The sustained tension in the piece can be traced to filmic sources that constantly shift and pull a sense of the present moment from the past and the future. “STOP THE PROJECTOR. CUT THE CURRENT. EXTINGUISH THE PROJECTION LAMP. THE MAGUS PROCLAIMS: TIME MUST HAVE A STOP. What is the Present? It is nothing more than a point upon the line of Time, where the infinite Future is separated from the infinite Past.” 2 The effects of jumping shadows and a menacing cacophony of sound along a defined line of jerky movements and pauses (or derailments of reason) triggering a reminder of the present — isn’t that what Alfred Hitchcock and Orson Welles gave us in abundance? Bures Miller’s ongoing interest in science fiction’s stock-in-trade of futuristic, bizarre phenomena also provides some insight. Bures Miller spends countless hours ordering and providing for the physical well-being of the experiments with an intimate knowledge of the fragmentary and deceptive nature of his evidence. As in a filmic experience, the agitated state of the viewer is a prerequisite and Bures Miller replicates the conditions for this experience in the semi-darkness of a white cube. What is demanded is not the calm of a quiet room to elicit contemplation, but the sensory experience of the best dramatic film whose juxtaposing of visual cues and sound in a semi-dark room can become a calculated interstice between sustained tension and psychic paradigm shift. If some residue of the filmic experience informs the work of George Bures Miller it is a particular sensibility unconcerned with mainstream dramatic film’s linear narrative structure and moreso, aligned with the limitless potential in the genre of science fiction with its shattered narratives, special effects and the critical evisceration of progress.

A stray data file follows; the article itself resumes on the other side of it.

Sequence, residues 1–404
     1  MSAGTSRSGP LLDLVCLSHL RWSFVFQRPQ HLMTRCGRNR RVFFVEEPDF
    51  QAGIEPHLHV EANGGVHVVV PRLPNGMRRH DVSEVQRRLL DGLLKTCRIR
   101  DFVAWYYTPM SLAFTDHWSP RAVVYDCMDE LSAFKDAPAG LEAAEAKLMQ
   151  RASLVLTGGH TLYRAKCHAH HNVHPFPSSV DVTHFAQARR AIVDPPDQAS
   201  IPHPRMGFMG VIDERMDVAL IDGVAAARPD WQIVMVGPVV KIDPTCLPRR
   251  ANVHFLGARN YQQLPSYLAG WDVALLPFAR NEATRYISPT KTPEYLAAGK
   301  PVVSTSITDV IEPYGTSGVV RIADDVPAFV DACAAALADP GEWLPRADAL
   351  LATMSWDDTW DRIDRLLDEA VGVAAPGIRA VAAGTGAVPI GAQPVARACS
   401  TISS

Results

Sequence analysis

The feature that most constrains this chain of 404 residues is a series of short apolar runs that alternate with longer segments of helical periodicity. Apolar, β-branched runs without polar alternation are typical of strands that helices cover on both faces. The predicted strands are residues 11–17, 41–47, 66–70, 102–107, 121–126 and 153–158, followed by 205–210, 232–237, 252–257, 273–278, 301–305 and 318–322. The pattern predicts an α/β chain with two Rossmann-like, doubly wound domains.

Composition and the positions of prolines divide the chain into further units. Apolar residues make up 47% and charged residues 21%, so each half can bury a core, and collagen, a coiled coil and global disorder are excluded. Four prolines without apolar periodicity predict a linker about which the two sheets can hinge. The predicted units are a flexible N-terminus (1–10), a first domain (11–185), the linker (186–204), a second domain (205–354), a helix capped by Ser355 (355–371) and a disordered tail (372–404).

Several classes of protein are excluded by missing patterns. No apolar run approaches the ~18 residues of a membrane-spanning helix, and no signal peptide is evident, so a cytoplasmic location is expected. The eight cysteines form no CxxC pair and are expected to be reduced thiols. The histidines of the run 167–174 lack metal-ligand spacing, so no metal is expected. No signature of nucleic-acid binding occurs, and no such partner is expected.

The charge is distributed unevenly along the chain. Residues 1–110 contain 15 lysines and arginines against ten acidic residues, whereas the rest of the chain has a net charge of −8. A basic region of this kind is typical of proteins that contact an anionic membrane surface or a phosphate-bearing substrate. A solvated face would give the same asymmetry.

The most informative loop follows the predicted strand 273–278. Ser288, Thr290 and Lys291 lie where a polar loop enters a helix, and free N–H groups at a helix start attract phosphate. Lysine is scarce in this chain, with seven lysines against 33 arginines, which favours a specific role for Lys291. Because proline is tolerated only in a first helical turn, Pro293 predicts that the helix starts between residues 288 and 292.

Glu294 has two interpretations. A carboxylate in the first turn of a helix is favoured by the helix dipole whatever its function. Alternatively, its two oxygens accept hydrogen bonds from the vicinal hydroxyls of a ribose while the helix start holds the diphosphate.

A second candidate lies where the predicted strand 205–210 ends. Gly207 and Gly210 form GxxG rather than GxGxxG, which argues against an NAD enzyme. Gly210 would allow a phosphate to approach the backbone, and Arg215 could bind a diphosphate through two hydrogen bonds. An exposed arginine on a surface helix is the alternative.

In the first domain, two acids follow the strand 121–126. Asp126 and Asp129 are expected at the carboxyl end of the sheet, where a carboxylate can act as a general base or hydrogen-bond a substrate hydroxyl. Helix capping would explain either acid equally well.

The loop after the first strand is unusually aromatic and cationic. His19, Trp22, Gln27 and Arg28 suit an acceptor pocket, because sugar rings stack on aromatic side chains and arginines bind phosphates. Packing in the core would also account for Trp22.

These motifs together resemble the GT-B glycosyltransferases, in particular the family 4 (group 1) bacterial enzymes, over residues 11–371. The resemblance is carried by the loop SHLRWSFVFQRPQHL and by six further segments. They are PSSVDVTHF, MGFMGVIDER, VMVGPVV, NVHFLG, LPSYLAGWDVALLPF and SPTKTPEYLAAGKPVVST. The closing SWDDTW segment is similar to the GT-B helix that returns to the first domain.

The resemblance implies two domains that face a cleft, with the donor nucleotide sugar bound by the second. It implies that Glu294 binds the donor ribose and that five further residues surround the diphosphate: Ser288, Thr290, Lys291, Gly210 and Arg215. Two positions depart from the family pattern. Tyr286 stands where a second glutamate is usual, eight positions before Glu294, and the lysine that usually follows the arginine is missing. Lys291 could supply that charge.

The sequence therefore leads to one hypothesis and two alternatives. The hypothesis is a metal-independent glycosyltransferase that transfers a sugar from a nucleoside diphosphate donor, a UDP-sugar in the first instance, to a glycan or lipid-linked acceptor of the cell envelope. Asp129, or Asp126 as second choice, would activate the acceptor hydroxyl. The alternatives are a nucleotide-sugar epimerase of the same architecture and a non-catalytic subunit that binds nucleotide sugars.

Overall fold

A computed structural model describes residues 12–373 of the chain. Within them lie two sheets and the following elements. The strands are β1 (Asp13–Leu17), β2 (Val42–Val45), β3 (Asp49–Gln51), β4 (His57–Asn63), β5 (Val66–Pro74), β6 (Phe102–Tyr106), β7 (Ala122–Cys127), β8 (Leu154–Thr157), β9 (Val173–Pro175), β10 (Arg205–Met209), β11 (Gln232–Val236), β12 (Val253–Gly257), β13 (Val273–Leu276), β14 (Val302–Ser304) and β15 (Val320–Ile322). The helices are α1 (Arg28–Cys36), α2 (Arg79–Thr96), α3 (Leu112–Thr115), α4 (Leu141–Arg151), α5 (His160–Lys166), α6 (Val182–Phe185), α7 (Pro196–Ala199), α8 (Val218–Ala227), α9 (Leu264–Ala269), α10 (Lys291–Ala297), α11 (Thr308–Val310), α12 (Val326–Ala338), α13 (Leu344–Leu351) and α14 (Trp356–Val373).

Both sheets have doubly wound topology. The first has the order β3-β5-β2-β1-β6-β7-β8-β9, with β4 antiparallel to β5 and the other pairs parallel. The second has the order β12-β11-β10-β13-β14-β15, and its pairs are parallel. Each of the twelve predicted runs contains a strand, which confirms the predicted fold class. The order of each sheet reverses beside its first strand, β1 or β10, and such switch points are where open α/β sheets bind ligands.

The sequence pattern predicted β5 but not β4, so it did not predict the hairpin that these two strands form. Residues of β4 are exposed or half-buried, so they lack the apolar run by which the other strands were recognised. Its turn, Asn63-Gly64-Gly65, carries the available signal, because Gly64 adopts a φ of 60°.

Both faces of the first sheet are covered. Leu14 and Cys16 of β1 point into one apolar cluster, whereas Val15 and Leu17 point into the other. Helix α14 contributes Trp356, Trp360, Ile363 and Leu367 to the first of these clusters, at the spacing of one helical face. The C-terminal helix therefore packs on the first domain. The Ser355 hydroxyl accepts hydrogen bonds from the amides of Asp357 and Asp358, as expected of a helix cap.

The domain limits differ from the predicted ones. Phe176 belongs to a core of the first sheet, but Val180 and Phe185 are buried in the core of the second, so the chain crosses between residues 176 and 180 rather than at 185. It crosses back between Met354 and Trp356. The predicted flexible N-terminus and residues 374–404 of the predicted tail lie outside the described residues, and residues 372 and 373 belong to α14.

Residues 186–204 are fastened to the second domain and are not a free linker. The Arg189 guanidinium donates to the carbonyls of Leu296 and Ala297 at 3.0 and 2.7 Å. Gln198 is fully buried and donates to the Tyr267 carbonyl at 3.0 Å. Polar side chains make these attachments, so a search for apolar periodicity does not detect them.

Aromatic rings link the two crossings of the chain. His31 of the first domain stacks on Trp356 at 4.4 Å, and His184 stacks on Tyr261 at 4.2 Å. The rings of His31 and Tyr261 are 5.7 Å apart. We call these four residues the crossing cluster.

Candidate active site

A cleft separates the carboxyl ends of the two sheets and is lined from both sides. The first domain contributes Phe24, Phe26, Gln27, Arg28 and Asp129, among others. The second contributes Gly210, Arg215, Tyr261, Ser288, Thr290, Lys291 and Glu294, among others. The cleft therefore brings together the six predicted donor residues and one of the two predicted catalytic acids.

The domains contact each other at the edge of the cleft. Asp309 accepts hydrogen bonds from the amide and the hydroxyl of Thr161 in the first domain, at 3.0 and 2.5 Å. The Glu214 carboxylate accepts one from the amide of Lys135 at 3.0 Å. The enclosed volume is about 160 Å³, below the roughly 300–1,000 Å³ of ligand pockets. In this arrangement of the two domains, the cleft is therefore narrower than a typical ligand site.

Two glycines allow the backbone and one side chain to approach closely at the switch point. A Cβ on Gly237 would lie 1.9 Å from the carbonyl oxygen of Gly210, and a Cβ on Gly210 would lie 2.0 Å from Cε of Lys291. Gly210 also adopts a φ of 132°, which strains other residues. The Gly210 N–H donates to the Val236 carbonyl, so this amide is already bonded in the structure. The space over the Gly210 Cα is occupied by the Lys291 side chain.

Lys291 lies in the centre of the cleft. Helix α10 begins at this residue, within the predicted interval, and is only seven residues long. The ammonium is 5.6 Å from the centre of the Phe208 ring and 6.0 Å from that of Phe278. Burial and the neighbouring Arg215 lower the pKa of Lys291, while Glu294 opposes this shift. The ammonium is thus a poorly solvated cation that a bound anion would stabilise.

What Bures Miller so effectively mines is the experiential, further stripping it down and transferring its residue to new intermedia sculptural forms. Bures Miller’s experiments in aerodynamics have less to do with formal experiments in engineering or science that aim to quantify and reproduce the certainty of results and more to do with replicating the experiential that doggedly avoids explanation as easily as it enlightens.
1 Alcand, Charles. “On the Dynamics of Post-Industrial Cultural Relations.”George Bures Miller’s Simple Experiments in Aerodynamics, (Lethbridge: Southern Alberta Art Gallery, 1995), pp. 7Ü9.
2 Anger, Kenneth. Time Must Have A Stop. Vienna: Six Pack Film, 1995.
Text edited by Sarah Cook, Melanie Townsend and Cheryl Smith